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Wilhelm Wagenfeld


Wilhelm Wagenfeld (born 15. April 1900 in Bremen/Germany; died 28. May 1990 in Stuttgart/Germany) was among the pioneers of European Industrial design and one of the most important glass and porcelain designers of the 20th century. After learning technical drawing at the Bremen silverware producer Koch and Gbergfeld, Wilhelm Wagenfeld completed numerous freelance jobs before beginning his studies in the Metalwork workshop at Bauhaus in Weimar in 1923. After successfully completing his training as a silversmith Wagenfeld took up a teaching position in the Metalwork workshop and from 1928-1930 was head of the workshop. After the dissolution of Bauhaus Wagenfeld began a professional journey that was to see him work with such renowned institutions as the Schott Jena, Rosenthal, Braun and WMF. In addition Wilhelm Wagenfeld held numerous teaching and advisory posts including a professorship at the Staatlichen Kunsthochschule in Berlin. Despite a long and for cortically acclaimed career Wilhelm Wagenfeld is perhaps best remembered for one of his earliest creations -

Wilhelm Wagenfeld and Bauhaus designer

the W24 Table lamp, universally known as the Bauhaus Lamp and a design that is admired and copied in equal measure. With his doctrine of simple, clearly defined, end-use-orientated design Wilhelm Wagenfeld helped open a new age of industrial product design.


More about 'Wilhelm Wagenfeld' in our blog

Welt aus Glas. Transparentes Design @ Wilhelm Wagenfeld Haus Bremen

...Transparentes Design the Wilhelm Wagenfeld Haus Bremen abstract that metaphor to explore the link between transparency in design and architecture, and transparency in society... While an exhibition about Glass staged by the Wilhelm Wagenfeld Haus may appear as lazily logical as an exhibition about catholicism staged by the Vatican or a retrospective of Kim Kardashian selfies curated by Kim Kardashian, both Wagenfeld and glass are only incidental to the genesis of the exhibition Welt aus Glas...

Wilhelm Wagenfeld Haus Bremen presents Stapeln. Ein Prinzip der Moderne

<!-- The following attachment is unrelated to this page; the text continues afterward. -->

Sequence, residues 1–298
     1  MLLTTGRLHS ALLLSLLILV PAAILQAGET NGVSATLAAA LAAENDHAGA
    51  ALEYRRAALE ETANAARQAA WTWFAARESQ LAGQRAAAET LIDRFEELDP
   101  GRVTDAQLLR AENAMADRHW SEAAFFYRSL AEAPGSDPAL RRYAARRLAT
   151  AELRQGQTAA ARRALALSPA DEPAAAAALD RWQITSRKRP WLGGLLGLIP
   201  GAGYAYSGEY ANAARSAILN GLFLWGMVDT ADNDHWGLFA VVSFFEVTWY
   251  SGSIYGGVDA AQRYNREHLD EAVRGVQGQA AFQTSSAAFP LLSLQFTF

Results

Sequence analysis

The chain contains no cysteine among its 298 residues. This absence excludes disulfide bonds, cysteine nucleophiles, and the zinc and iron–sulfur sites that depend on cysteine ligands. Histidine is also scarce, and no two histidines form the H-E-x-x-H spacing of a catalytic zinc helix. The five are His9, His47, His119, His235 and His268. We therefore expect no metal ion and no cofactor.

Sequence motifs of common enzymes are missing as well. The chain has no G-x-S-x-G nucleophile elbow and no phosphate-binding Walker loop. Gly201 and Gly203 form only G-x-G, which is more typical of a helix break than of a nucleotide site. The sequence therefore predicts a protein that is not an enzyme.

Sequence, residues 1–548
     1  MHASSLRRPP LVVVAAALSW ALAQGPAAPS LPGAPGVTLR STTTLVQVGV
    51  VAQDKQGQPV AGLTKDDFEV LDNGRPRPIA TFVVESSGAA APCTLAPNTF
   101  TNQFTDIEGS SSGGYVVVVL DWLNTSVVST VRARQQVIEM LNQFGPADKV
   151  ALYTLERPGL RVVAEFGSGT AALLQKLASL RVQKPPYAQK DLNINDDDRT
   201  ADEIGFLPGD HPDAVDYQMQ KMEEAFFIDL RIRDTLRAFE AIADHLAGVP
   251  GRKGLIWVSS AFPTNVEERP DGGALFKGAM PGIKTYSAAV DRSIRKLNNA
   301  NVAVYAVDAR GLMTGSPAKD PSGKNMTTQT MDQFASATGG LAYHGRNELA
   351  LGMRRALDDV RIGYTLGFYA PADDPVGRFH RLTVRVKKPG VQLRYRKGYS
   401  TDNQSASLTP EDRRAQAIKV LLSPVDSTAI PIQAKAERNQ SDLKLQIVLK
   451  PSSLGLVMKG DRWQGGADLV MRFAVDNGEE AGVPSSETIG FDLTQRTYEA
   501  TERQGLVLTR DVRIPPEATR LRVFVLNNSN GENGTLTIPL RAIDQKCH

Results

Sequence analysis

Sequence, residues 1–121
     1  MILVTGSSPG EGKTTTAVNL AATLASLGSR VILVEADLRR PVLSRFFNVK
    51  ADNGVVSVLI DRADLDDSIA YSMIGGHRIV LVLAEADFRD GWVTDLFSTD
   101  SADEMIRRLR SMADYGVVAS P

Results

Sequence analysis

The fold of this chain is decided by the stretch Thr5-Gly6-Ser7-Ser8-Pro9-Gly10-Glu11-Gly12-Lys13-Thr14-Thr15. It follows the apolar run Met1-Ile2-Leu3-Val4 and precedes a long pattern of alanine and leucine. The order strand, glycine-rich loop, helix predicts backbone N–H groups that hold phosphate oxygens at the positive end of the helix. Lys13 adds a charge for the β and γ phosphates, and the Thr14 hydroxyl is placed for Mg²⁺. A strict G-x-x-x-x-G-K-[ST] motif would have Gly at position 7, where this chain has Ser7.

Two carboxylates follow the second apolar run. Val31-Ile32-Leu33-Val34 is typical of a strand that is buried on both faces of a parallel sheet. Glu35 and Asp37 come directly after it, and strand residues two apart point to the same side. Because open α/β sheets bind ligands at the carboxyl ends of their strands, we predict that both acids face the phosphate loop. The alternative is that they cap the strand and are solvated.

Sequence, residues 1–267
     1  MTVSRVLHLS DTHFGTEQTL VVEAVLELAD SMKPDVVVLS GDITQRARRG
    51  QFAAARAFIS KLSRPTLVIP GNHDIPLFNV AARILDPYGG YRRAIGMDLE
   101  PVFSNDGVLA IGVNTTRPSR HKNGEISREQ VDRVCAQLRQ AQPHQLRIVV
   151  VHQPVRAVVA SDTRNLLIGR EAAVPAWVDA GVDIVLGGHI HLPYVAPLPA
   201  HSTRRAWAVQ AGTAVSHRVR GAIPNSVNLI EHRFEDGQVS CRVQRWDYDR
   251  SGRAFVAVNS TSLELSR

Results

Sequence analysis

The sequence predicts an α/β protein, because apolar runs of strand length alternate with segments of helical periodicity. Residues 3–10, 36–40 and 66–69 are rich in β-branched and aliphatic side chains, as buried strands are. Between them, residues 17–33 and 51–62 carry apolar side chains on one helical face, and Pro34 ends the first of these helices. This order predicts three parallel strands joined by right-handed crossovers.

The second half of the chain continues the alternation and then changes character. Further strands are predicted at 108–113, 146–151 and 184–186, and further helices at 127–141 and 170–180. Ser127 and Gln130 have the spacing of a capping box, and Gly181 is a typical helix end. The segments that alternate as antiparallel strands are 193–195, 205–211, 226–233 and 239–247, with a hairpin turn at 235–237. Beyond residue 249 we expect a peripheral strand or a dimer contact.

...Ein Prinzip der Moderne the Wilhelm Wagenfeld Haus in Bremen celebrate the complex diversity of one of design's simplest principles ... A Principle of Modernity - at the Wilhelm Wagenfeld Haus in Bremen...

smow blog 2015. A pictorial review: October

Normally October is all about design festivals, October 2015 wasn't. On the one hand we weren't at that many this year, and on the other those we were at didn't impress us that much. What did impress us was the new collection by Ateliers J&J. Oh yes! In...

smow blog Interview: Walter Schnepel, Tecnolumen - It is the reduction of a lamp to its basic elements that fascinates me most about the Wilhelm Wagenfeld Lamp.

...The WA 24 table lamp by Wilhelm Wagenfeld is without question one of the most instantly recognisable pieces of Bauhaus design, so much so that it is often referred to as simply "the Bauhaus Lamp"... Designed by Wilhelm Wagenfeld in 1923 the WA 24 was quickly followed by a series of variations on the theme, yet all maintaining the same pared-down grace and uncomplicated functional elegance of the original...

Vitra Design Museum: Lightopia

...Rietveld and Wilhelm Wagenfeld before moving over, almost, all the famous classics of the genre, including, George Carwardine’s 1932 Anglepoise, Tizio by Richard Sapper, Artichoke by Poul Henningsen and various works by Verner Panton before reaching 85 Lamps by Rody Graumans through droog...


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